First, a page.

Japan’s naval dispatch to Mideast seen as result of compromise

People protest Friday in front of the prime minister’s office in Tokyo against the government’s plan to send Maritime Self-Defense Force personnel to the Middle East to help ensure the safety of a key oil shipping lane.  Photo: KYODO


Japan’s naval dispatch to Mideast seen as result of compromise


By Keita Nakamura

Japan’s decision to send its navy to the Middle East for information-gathering activities, instead of participating in a U.S.-led coalition, is seen as a “product of compromise” by experts.

In the weeks leading up to the government’s formal approval for the dispatch on Friday, Tokyo had to play a delicate balancing act between avoiding tensions with its longtime ally Washington and maintaining its traditionally friendly ties with Tehran.

Blaming Iran for attacks on oil tankers in May and June in the Gulf region, the United States has sought Japan and other countries to join the coalition for maritime security in the Strait of Hormuz, while Iran has urged them not to take part in it, saying that the stationing of foreign military forces could put the area at risk.

By deciding to send the Maritime Self-Defense Force to the region, but excluding areas in the Strait of Hormuz and the Persian Gulf, Japan has secured endorsement on the dispatch from both the United States and Iran.

“In an attempt to please the United States, avoid irritating Iran and get along with Komeito, the Liberal Democratic Party came to this decision,” said Hideki Uemura, a Ryutsu Keizai University professor.

Uemura said the LDP, which forms the ruling coalition with junior partner Komeito, hammered out the plan not because of the need to carry out “survey and research” activities or analyze the security situation in the region, but for “political-power balance” purposes.

Sending the Self-Defense Forces overseas is a politically sensitive issue for Japan as its operations are highly restricted under the country’s war-renouncing Constitution.

The LDP has set the term of the MSDF mission at one year and conditioned that important future decisions regarding the dispatch, such as extending its period, require approval from the Cabinet.

The stipulations were made to help persuade Komeito, which has been reluctant to send the SDF overseas, to go along with the plan.

In an emergency, the MSDF could engage in maritime policing actions, with the SDF law allowing personnel to take necessary steps, including the use of weapons at sea, to safeguard Japanese lives and property.

But Uemura, who is well-versed in international politics, phrased the action as the “unusable last resort,” saying that Tokyo “has never assumed that such emergency cases could actually occur.”

“I think the government wants to deliver a message to members of the MSDF that they should stay away from any dangerous things and places, given that the main mission for them is just to be there for one year and come back home safely,” Uemura said.

Kazuo Takahashi, a professor emeritus at the Open University of Japan, also said the prime purpose of the dispatch is having the MSDF stationed in the Middle East — no more, no less.

Japan plans to send about 260 MSDF members to the region with a helicopter-carrying destroyer and two patrol planes.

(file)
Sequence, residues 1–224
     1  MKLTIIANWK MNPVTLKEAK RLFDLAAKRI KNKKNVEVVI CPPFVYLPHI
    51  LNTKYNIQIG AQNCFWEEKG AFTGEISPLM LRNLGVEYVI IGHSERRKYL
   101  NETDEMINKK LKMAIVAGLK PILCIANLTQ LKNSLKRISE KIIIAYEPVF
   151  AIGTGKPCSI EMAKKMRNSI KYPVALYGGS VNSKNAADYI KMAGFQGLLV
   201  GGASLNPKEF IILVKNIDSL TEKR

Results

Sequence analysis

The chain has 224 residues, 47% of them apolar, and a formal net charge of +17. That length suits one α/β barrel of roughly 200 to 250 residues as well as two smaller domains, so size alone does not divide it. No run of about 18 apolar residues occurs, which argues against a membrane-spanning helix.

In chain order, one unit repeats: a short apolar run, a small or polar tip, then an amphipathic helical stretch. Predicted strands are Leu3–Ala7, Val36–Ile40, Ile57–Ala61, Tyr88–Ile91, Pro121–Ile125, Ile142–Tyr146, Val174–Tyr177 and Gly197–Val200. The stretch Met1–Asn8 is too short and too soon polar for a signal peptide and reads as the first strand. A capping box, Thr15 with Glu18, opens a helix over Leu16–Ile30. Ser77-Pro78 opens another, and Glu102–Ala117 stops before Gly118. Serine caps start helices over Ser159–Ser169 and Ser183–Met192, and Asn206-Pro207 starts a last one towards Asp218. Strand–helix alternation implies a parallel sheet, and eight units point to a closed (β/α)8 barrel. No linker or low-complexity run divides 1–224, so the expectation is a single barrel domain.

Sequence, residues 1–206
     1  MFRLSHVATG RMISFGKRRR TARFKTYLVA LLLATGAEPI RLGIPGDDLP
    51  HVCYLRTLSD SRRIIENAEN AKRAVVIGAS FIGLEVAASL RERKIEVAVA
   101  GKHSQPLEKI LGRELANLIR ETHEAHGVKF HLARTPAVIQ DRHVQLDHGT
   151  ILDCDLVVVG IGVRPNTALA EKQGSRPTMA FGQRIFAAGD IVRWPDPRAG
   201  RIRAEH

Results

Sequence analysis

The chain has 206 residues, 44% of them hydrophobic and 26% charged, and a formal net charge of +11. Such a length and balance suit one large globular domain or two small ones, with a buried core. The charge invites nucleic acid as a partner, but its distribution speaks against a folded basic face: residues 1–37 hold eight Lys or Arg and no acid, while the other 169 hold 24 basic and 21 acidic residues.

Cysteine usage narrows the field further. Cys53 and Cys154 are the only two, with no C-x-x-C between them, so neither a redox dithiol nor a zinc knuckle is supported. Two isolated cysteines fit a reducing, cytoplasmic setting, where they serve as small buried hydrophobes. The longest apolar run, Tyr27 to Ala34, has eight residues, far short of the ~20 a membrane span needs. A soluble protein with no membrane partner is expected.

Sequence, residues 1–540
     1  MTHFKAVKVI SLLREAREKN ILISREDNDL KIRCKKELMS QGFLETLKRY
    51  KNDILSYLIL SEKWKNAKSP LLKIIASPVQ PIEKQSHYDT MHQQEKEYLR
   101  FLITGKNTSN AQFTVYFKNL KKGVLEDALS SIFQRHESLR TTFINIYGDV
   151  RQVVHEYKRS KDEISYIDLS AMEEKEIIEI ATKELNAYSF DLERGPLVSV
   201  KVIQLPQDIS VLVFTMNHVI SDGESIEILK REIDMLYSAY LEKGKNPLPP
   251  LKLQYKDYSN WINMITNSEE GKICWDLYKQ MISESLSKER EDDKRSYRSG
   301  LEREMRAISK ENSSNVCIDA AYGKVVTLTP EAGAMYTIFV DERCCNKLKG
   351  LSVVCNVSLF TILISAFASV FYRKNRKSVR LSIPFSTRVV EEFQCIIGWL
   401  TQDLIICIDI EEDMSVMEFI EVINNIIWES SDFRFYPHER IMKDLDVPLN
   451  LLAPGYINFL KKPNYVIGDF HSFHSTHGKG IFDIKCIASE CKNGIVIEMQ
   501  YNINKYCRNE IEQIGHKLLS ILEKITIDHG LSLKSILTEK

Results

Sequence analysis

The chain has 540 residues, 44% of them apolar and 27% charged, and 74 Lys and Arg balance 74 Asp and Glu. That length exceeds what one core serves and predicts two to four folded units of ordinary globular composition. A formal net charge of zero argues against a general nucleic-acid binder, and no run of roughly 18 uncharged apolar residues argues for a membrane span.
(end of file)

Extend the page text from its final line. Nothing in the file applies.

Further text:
“The dispatch never means that they would have an exchange of fire with Iran’s Islamic Revolutionary Guard Corps,” said Takahashi, an expert on the Middle East. “The important thing is to send a Japanese-flagged vessel.”

Takahashi said the United States should be blamed for the rising tensions, noting that it has broken a 2015 nuclear agreement between Iran and major powers.

“So I understand the feelings of other countries that they didn’t want to participate in the U.S.-led coalition,” he said.

Last year, the administration of U.S. President Donald Trump withdrew from the multinational deal to curb Iran’s nuclear program, re-imposing economic sanctions on the country.

After all, the coalition was formed by only seven countries, including Australia and Britain.

On the Japanese government’s decision, Takahashi described it as an “agonizing choice.”

He said Japan “couldn’t help doing something” as so many oil tankers operated by Japanese firms pass through the Strait of Hormuz.

The government has said it is arranging to use Salalah port in Oman as a supply base for the destroyer, which Takahashi sees as a positive development, “because Oman has maintained a good relationship with Iran, too.”

“Oman has mediated between the United States and Iran, and it also holds the key to Iran-Saudi Arabia relations,” Takahashi said.

Tomoaki Murakami, an associate professor at the University of Marketing and Distribution Sciences in the western Japan city of Kobe, said the strengthening Japan’s intelligence gathering is a realistic aim.

“Although there are no imminent threats in the Middle East, it’s essential to collect information on its own in preparation for a sudden change in the situation,” Murakami said.

For Japan, a country relying on the Middle East for about 90 percent of its crude oil imports, Murakami said it is meaningful to engage in “proactive efforts” for peace and stability in the region, and such intelligence-gathering activities are indispensable to that end.

The expert on the history of SDF’s overseas dispatches suggested the limitation of the mission period to one year is rational, citing the possibility of a U.S.-Iran detente, which makes the upcoming dispatch different from constant SDF missions such as anti-piracy activities in the Gulf of Aden.


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